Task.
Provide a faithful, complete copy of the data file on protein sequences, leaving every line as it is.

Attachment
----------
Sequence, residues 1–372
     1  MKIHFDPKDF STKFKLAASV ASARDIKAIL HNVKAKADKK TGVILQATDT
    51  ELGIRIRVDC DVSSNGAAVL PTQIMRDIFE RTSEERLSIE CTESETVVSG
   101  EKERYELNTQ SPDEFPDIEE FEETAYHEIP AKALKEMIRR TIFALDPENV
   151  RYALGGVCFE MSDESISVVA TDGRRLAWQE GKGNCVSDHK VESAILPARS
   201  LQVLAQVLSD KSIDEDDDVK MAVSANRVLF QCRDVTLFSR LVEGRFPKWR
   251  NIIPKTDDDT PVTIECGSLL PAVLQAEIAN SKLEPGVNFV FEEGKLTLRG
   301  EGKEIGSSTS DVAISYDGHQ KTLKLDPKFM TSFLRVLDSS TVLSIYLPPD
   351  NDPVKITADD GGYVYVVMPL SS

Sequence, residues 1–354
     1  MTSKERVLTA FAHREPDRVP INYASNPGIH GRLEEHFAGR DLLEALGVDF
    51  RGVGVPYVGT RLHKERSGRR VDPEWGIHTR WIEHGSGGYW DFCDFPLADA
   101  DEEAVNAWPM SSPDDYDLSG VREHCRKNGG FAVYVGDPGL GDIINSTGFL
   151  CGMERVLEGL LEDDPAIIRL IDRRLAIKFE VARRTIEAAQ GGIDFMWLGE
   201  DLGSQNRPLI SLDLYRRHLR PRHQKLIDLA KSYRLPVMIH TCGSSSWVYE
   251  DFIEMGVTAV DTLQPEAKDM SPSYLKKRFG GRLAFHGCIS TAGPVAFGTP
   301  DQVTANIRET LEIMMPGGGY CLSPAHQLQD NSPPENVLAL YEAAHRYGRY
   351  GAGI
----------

Sequence, residues 1–372
     1  MKIHFDPKDF STKFKLAASV ASARDIKAIL HNVKAKADKK TGVILQATDT
    51  ELGIRIRVDC DVSSNGAAVL PTQIMRDIFE RTSEERLSIE CTESETVVSG
   101  EKERYELNTQ SPDEFPDIEE FEETAYHEIP AKALKEMIRR TIFALDPENV
   151  RYALGGVCFE MSDESISVVA TDGRRLAWQE GKGNCVSDHK VESAILPARS
   201  LQVLAQVLSD KSIDEDDDVK MAVSANRVLF QCRDVTLFSR LVEGRFPKWR
   251  NIIPKTDDDT PVTIECGSLL PAVLQAEIAN SKLEPGVNFV FEEGKLTLRG
   301  EGKEIGSSTS DVAISYDGHQ KTLKLDPKFM TSFLRVLDSS TVLSIYLPPD
   351  NDPVKITADD GGYVYVVMPL SS

Sequence, residues 1–354
     1  MTSKERVLTA FAHREPDRVP INYASNPGIH GRLEEHFAGR DLLEALGVDF
    51  RGVGVPYVGT RLHKERSGRR VDPEWGIHTR WIEHGSGGYW DFCDFPLADA
   101  DEEAVNAWPM SSPDDYDLSG VREHCRKNGG FAVYVGDPGL GDIINSTGFL
   151  CGMERVLEGL LEDDPAIIRL IDRRLAIKFE VARRTIEAAQ GGIDFMWLGE
   201  DLGSQNRPLI SLDLYRRHLR PRHQKLIDLA KSYRLPVMIH TCGSSSWVYE
   251  DFIEMGVTAV DTLQPEAKDM SPSYLKKRFG GRLAFHGCIS TAGPVAFGTP
   301  DQVTANIRET LEIMMPGGGY CLSPAHQLQD NSPPENVLAL YEAAHRYGRY
   351  GAGI